For this Saint Patrick’s Day we thought we’d offer up some histories of Ireland that show Ireland’s interacation with the outside world throughout history. Also these titles might be a little less well known. Enjoy!
Ireland in the Virginian sea : colonialism in the British Atlantic by Audrey Horning.
In the late sixteenth century, the English started expanding westward, establishing control over parts of neighboring Ireland as well as exploring and later colonizing distant North America. Audrey Horning deftly examines the relationship between British colonization efforts in both locales, depicting their close interconnection as fields for colonial experimentation. Focusing on the Ulster Plantation in the north of Ireland and the Jamestown settlement in the Chesapeake, she challenges the notion that Ireland merely served as a testing ground for British expansion into North America. Horning instead analyzes the people, financial networks, and information that circulated through and connected English plantations on either side of the Atlantic.
Brian Boru and the Battle of Clontarf by Seán Duffy.
Brian Boru is the most famous Irish person before the modern era, whose death at the Battle of Clontarf in 1014 is one of the few events in the whole of Ireland’s medieval history to retain a place in the popular imagination. Once, we were told that Brian, the great Christian king, gave his life in a battle on Good Friday against pagan Viking enemies whose defeat banished them from Ireland forever. More recent interpretations of the Battle of Clontarf have played down the role of the Vikings and portrayed it as merely the final act in a rebellion against Brian, the king of Munster, by his enemies in Leinster and Dublin.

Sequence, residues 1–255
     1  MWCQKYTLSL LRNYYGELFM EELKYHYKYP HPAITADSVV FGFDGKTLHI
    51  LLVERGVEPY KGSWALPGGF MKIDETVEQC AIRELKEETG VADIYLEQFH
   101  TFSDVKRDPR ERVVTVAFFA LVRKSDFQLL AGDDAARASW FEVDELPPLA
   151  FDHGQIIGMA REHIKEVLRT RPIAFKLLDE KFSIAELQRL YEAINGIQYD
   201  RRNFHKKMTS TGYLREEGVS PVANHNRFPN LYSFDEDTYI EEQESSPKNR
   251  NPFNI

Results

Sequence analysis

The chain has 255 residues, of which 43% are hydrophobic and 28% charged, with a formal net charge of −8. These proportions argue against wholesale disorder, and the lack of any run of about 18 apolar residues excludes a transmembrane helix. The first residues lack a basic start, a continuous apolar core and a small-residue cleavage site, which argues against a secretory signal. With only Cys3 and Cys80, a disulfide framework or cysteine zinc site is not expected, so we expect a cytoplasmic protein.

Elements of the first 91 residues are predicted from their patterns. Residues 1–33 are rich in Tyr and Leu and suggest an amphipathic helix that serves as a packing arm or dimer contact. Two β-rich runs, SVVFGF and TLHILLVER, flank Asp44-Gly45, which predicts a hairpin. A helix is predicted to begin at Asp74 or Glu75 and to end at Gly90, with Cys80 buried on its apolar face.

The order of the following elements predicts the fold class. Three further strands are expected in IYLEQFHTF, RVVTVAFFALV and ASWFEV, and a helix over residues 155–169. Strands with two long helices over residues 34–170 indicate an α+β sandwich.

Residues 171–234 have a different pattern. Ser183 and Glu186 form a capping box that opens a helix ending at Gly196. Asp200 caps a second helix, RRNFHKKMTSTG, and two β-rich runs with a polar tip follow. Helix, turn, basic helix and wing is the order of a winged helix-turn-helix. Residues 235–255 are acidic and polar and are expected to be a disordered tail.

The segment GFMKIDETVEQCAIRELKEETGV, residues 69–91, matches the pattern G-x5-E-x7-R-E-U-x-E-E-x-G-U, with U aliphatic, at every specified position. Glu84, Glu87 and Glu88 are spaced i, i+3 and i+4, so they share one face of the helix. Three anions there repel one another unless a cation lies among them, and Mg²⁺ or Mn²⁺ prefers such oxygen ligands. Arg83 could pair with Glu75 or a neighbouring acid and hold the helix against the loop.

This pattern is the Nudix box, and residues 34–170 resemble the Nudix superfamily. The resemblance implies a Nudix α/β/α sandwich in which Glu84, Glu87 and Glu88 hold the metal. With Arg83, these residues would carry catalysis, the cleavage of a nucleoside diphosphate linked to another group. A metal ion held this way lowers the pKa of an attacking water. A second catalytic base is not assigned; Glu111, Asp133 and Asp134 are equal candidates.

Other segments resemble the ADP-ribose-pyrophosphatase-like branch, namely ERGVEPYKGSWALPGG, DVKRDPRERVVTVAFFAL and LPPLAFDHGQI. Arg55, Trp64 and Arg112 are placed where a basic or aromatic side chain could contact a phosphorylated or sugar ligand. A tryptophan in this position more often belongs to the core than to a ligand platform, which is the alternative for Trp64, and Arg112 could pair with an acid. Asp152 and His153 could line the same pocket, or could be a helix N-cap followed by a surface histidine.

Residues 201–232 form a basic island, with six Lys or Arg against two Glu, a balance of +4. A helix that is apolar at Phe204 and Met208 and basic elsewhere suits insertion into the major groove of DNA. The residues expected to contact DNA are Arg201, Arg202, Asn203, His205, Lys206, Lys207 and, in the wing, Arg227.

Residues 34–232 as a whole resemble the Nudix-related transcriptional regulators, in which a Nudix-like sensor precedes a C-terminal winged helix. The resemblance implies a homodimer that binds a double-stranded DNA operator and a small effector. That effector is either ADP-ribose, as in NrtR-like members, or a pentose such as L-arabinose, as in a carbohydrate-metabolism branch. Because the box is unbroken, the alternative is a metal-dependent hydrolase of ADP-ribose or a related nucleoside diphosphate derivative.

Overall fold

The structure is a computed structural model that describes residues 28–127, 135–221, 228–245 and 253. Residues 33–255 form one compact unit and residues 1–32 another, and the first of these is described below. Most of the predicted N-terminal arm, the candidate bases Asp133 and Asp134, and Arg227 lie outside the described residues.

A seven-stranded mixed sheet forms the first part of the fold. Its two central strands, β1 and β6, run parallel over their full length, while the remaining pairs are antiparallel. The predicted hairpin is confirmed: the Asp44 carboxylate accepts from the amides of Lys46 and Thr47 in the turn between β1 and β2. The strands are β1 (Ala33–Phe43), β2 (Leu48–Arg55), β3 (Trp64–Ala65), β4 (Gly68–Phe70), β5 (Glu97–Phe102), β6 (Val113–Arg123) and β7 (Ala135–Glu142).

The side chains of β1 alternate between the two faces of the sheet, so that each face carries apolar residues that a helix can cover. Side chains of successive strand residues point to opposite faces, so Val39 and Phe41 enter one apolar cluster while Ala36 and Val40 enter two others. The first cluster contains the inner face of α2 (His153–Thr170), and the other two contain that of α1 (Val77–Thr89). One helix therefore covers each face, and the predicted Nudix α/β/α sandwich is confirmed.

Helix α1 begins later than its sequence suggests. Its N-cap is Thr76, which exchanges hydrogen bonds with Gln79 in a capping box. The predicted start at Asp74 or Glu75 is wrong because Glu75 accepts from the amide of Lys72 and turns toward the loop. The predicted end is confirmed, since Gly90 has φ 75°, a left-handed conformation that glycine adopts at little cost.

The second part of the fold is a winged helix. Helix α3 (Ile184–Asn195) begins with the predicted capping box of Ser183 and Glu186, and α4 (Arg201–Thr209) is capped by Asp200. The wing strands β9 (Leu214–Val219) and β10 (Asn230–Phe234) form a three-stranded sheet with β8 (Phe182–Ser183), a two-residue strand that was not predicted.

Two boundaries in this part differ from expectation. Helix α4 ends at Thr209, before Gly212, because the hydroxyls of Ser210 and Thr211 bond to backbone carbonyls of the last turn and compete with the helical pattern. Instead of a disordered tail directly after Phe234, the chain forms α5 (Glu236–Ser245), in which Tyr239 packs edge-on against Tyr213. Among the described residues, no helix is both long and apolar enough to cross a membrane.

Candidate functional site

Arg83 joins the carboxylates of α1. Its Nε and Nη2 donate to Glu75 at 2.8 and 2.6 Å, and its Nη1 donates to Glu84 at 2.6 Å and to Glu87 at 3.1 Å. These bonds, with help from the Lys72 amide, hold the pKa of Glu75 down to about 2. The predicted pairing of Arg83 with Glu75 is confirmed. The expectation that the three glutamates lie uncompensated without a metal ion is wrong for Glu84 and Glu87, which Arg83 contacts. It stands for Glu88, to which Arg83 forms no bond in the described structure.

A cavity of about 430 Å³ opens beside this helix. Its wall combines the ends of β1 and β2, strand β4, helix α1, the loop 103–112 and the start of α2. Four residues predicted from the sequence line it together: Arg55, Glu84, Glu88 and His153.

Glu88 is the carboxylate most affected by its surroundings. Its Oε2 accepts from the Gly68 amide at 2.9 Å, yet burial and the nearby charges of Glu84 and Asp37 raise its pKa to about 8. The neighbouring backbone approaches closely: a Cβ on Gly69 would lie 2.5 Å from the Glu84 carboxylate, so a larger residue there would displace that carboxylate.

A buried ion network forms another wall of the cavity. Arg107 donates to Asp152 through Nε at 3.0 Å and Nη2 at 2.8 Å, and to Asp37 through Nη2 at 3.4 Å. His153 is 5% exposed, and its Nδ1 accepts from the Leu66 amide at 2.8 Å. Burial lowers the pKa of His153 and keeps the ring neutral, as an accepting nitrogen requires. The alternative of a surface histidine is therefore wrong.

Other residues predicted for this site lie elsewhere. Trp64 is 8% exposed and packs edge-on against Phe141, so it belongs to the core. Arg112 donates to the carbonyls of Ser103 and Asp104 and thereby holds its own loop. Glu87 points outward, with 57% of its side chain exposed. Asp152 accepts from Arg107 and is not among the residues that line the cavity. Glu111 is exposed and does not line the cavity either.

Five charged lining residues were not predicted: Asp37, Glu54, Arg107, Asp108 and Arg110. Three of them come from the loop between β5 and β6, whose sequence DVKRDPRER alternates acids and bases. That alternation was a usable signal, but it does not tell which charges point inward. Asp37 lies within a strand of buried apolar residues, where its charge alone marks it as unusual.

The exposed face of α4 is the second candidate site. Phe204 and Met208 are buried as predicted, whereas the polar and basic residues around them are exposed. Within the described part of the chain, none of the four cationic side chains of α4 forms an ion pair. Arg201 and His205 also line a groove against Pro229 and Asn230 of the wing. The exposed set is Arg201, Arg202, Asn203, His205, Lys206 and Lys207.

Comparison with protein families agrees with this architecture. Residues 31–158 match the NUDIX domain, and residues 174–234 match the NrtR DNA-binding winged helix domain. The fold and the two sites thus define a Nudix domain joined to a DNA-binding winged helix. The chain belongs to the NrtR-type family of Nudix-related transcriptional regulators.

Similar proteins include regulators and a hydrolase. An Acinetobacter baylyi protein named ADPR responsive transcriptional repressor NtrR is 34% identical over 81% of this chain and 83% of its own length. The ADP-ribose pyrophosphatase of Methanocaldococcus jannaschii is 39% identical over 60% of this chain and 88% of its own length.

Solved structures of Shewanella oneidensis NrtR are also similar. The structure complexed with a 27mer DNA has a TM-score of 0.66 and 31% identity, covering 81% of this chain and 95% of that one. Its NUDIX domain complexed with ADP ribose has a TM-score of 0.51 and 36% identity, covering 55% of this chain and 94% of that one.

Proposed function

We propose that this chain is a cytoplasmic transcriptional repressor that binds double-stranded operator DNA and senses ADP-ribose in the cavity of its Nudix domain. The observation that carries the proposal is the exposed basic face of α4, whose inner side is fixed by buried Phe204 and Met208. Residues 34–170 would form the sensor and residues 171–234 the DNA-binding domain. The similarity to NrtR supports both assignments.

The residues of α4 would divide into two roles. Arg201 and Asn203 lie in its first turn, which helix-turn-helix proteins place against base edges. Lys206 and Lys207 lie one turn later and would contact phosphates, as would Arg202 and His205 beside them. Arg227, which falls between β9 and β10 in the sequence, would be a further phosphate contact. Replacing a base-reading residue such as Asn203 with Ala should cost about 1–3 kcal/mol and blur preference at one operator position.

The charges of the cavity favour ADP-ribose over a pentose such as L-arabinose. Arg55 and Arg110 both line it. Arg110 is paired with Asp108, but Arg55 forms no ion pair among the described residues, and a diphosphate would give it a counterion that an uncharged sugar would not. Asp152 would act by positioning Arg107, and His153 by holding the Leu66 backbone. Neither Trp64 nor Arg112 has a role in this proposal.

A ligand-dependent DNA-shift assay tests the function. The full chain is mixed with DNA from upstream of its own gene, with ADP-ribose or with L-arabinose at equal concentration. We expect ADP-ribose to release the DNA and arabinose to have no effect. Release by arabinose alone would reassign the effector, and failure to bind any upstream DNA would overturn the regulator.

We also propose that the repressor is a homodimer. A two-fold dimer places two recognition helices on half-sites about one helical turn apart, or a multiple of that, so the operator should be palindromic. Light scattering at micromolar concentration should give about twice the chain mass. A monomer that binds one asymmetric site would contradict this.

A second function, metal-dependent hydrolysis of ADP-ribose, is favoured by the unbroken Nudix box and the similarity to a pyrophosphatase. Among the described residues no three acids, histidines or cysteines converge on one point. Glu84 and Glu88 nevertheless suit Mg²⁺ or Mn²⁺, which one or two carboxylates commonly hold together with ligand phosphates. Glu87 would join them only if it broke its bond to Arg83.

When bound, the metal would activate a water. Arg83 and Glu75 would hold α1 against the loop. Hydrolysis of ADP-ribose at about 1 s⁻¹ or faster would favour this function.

The Last Armada : Queen Elizabeth, Juan del Águila, and Hugh O’Neill: The Story of the 100-Day Spanish Invasion by Des Ekin.
Ireland: Christmas Eve, 1601. As thunder crashes and lightning rakes the sky, three very different commanders line up for a battle that will decide the fate of a nation. General Juan del Águila has been sprung from a prison cell to command the last great Spanish armada. His mission: to seize a bridgehead in Queen Elizabeth’s England and hold it. Facing him is Charles Blount, a brilliant English strategist whose career is also under a cloud. His affair with a married woman edged him into a treasonous conspiracy—and brought him to within a hair’s breadth of the gallows. Meanwhile, Irish insurgent Hugh O’Neill knows that this is his final chance to drive the English out of Ireland. For each man, this is the last throw of the dice. Tomorrow they will be either heroes or failures. These colorful commanders come alive in this true story of courage and endurance, of bitterness and betrayal, and of drama and intrigue at the highest levels in the courts of England and Spain.
Bitter freedom : Ireland in a revolutionary world by Maurice Walsh.
The Irish Revolution – the war between the British authorities and the newly-formed IRA – was the first successful revolt anywhere against the British Empire. This is a vividly-written, compelling narrative placing events in Ireland in the wider context of a world in turmoil after the ending of a global war: one that saw the collapse of empires and the rise of fascist Italy and communist Russia. Walsh shows how developments in Europe and America had a profound effect on Ireland, influencing the attitudes and expectations of combatants and civilians. Walsh also brings to life what Irish people who were not fully involved in the fighting were doing – the plays they went to, the exciting films they watched in the new cinemas, the books they read and the work they did. The freedom from Britain that most of them wanted was, when it came, a bitter disappointment to a generation aware of the promise of modernity.